Obama to Limit Signing Statements

Good news from the White House: Not only is President Obama reviewing all of Bush’s signing statements, he’s also vowing to rarely employ them himself. If we’re very lucky, that means he’s bringing us back to a pre-Nixon interpretation of the president’s latitude on that subject.

Now about that state secrets privilege…


6 Responses

  1. A fairly meaningless promise on Obama’s part – he’s unlikely to be at odds with his Liberal Congress any time soon and won’t be feeling the need to limit their actions with signing statements.

  2. The principle is far from meaningless! It returns the executive branch to the rule of law on this issue, instead of rule by personal fiat.

  3. Very true – or it would or will be, if it’s ever tested; until then, it’s just empty words.

    Understand please that I like what Obama has said on this singular issue. I just think it’s a fatuous statement coming from Obama since there’s little chance that he’s going to be in a position of disagreement with a Liberal Congress.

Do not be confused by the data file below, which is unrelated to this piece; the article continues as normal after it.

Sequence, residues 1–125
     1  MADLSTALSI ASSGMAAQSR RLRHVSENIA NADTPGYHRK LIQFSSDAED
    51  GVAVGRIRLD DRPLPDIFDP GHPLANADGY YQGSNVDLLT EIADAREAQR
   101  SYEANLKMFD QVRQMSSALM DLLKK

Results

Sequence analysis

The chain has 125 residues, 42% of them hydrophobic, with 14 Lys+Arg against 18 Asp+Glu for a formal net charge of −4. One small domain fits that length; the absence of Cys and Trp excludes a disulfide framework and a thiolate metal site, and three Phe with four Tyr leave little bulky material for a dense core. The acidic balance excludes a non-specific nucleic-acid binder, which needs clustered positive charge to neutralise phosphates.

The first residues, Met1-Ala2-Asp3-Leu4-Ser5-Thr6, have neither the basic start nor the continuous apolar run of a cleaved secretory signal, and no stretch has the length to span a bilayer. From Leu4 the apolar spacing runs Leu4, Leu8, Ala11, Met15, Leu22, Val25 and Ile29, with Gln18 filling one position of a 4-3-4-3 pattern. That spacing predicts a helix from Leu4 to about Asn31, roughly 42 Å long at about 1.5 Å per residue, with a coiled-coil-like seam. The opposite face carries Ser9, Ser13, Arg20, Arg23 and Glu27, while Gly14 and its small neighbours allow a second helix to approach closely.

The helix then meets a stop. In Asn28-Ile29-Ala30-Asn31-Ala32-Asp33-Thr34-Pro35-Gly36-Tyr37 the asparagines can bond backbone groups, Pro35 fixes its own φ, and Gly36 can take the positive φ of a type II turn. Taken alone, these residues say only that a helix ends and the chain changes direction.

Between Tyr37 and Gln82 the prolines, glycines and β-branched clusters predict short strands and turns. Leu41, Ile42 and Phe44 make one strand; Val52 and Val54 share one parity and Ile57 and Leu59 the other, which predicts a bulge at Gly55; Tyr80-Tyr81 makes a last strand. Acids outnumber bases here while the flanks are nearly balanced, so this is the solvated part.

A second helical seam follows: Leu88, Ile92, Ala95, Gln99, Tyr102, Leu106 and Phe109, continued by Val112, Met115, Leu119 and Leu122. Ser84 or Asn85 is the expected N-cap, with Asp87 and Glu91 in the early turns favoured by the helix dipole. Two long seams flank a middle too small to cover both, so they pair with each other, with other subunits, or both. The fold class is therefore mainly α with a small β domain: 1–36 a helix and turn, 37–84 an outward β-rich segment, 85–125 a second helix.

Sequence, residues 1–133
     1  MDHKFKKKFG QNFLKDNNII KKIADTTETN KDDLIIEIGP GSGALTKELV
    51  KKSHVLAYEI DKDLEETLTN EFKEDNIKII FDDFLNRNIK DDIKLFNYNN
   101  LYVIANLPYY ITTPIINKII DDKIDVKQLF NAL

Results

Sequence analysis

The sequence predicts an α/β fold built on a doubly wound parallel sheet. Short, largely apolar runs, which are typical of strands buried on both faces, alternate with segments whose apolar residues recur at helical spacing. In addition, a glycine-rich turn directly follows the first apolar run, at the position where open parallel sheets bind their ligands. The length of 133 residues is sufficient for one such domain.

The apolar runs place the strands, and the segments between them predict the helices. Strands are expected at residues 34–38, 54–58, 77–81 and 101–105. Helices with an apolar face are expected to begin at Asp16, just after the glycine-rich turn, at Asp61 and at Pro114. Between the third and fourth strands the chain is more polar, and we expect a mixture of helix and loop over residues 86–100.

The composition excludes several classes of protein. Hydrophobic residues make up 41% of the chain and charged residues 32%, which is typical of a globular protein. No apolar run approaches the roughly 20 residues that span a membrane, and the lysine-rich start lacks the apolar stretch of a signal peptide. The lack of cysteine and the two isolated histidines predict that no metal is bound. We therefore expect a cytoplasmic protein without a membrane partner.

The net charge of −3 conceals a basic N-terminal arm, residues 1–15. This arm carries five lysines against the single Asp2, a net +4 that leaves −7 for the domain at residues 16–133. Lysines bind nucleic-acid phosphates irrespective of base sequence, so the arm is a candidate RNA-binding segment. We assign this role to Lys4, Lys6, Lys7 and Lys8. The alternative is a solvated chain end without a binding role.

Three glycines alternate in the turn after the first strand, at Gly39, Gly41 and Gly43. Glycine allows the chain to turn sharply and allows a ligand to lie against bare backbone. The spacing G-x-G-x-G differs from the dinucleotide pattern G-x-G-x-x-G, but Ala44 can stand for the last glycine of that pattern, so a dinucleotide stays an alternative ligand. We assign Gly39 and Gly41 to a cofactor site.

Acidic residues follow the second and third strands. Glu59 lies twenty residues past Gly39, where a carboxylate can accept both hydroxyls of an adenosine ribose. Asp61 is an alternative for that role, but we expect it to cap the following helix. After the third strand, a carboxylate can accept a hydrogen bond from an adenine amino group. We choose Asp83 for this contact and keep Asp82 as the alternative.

4. Meaningless? Empty words? The point is, it re-establishes a principle that will stand with this and future administrations. That means we get to be a democracy again; that’s important!

  5. I disagree. It only re-establishes the principle of Separation of Powers if Obama actually does it. If he doesn’t – especially after all the other things he has said and then failed to do – then it is – IMHO – just nice sounding words.

    Remember, Bush claimed he was going to be a “uniter,” a great set of words that re-established a principle of less partisan politics and putting the People before party. What happened there?

    Words are cheap; deeds are what matters.

  6. jonolan, two things:
    1.) These public pledges do matter, because Obama is risking media backlash if he violates them. He knows that when he makes them, and I don’t think he would do so unless he was fairly committed to keeping them.

    2.) So far, Obama has kept nearly all of his campaign promises. Say what you will about most of what he’s done, but the moves that conservatives are most unhappy about are the ones he’d been talking about on the campaign trail for months. There’s nothing in what he’s done so far to suggest that he’s in the habit of making frivolous promises.

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